Monthly Archives: April 2017

1978 FIFA World Cup: Argentina

Argentina was awarded the World Cup in 1966. Say what you want about FIFA, but they had no way of knowing that the Argentinian government would stage a coup, mixing together one of the ugliest (albeit successful) blends of sports and politics in the history of either one. While the Albiceleste finally had their first title, many still argue it only could have happened on home soil. It was also the last really small-scale World Cup, as the 1980s would bring about expansion, color TV, and a global boom to the beautiful game.

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(The 1978 World Cup logo. Photo courtesy of Wikipedia.) 

1978 FIFA World Cup 

Host: Argentina 

Champion: Argentina 
Runner Up: Netherlands 
Third Place: Brazil 
Fourth Place: Italy 

Leading Scorer: Mario Kempes, Argentina (6 goals) 

The logo you see above was based on Juan Peron’s symbol of pride in Argentina – both arms extended over his head. The logo was adopted in 1974, and many were content. But only two years later, Peron had died and a new military dictatorship known as the National Reorganization Process, or more simply the junta, came into power after a coup. The head of state was Jorge Rafael Videla, who kept his power alive in what became known as La Guerra Sucia – “The Dirty War. ” During the junta, four leaders were in power from 1976-83, but Videla’s reign was the longest – and probably the worst.

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(Jorge Rafael Videla mixed politics and sports after seizing power in Argentina. Photo courtesy of Wikipedia.) 

In the two years before the Cup, anywhere from 15,000-30,000 people were forced to disappear for opposing the government. Many never came back. As a result, some teams – like the Netherlands – threatened to withdraw before the tournament even started. Still, the money retained by the government was put back into infrastructure, with the rallying cry to the people of “20 million Argentinians will play in the World Cup.” Many weren’t buying it, and came up with their own slogan: “20 million Argentinians will pay for the World Cup.” Amid fears of lawsuits and backlash, the junta relented and kept the logo as it was.

Johan Cruyff mysteriously didn’t accompany his teammates to Argentina. Whether it was politics, family reasons, or just plain lack of interest, he would be severely missed in that lineup. Fortunately, they kept most of the same players, like Johnny Rep and Rob Rensenbrink. They were still a strong team, with or without Cruyff. Again, Belgium was drawn in with them, but it was no contest this time, as the Oranje finished five points clear of the Red Devils.

Both Argentina as hosts and West Germany as champions qualified automatically. Hungary would beat Bolivia 9-2 in a two-game playoff to win the intercontinental playoff. Brazil and Peru qualified, and Teofilo Cubillas got another chance to play for the FPF. Despite a 4-0 win on the last day over Cyprus, Portugal missed out by two points, which instead went to Poland, the reigning third place team. Italy and England were drawn together, and both won five and lost one. Ultimately, the Azzurri advanced on goal difference (winning 3-0 in their final game to boot), and England failed to qualify for the second straight time. Austria narrowly edge out East Germany, and France won 3-1 over Bulgaria on the final game to advance. Sweden and Spain won their groups, and Scotland emerged from their group, which included rival Wales and defending Euro champions Czechoslovakia.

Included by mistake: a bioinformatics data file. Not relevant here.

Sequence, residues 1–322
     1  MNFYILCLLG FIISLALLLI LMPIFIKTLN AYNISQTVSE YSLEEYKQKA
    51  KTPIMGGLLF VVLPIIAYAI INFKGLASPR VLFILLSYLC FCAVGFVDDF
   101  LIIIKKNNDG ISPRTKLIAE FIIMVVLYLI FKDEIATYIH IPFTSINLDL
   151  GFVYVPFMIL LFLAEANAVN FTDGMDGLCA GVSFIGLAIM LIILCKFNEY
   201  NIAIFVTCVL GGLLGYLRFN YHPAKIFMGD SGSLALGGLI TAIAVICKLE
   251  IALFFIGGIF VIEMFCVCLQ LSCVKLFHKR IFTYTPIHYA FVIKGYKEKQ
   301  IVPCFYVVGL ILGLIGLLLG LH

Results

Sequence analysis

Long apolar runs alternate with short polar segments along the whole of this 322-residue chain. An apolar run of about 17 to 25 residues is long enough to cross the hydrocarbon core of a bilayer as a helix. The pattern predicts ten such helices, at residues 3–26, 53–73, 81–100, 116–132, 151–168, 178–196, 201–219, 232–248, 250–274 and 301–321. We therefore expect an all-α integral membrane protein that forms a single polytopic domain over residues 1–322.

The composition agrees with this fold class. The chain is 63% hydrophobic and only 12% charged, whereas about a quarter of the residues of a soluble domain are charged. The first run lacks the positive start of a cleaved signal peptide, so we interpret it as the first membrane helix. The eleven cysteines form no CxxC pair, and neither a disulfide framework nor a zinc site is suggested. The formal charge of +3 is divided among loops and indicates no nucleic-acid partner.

Fervor was higher than ever for Scotland fans; it was arguably their best team. But a lot of that came from their brash, confident (some may say cocky) manager. His introductory press conference said it all about him: “My name is Ally MacLeod and I am a winner.” MacLeod gave Scotland hope that maybe they could rise above themselves, and his upset of England gave them a sense of schadenfreude, if not necessarily outright confidence. MacLeod predicted Scotland would take at least third place, and many in Scotland thought they could win it all. This led musician Andy Cameron to release a novelty song known as “Ally’s Tartan Army.” Cameron said that Scotland would “really shake ’em up, when we win the World Cup, ’cause Scotland are the greatest football team!!” Many outside of Scotland just laughed at this prediction. Still, they had some fine players – Kenny Dalglish, Archie Gemmill, Graeme Souness, and Willie Johnston.

(The infamous rally song “Ally’s Tartan Army” led to Scotland optimism, or perhaps delusion. Video courtesy of YouTube.) 

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(Scotland manager Ally MacLeod. Photo courtesy of Getty Images.)